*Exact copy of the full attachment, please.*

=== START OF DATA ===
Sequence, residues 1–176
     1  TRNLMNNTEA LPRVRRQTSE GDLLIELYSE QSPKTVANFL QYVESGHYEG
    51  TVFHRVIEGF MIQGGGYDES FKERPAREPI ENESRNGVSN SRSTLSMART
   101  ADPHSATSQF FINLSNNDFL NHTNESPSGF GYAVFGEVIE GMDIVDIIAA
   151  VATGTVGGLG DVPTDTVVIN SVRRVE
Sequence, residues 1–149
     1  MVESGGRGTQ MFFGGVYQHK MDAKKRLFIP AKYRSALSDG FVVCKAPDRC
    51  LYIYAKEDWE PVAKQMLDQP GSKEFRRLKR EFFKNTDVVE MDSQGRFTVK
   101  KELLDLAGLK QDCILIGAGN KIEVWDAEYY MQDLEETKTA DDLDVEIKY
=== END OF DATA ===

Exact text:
Sequence, residues 1–176
     1  TRNLMNNTEA LPRVRRQTSE GDLLIELYSE QSPKTVANFL QYVESGHYEG
    51  TVFHRVIEGF MIQGGGYDES FKERPAREPI ENESRNGVSN SRSTLSMART
   101  ADPHSATSQF FINLSNNDFL NHTNESPSGF GYAVFGEVIE GMDIVDIIAA
   151  VATGTVGGLG DVPTDTVVIN SVRRVE
Sequence, residues 1–149
     1  MVESGGRGTQ MFFGGVYQHK MDAKKRLFIP AKYRSALSDG FVVCKAPDRC
    51  LYIYAKEDWE PVAKQMLDQP GSKEFRRLKR EFFKNTDVVE MDSQGRFTVK
   101  KELLDLAGLK QDCILIGAGN KIEVWDAEYY MQDLEETKTA DDLDVEIKY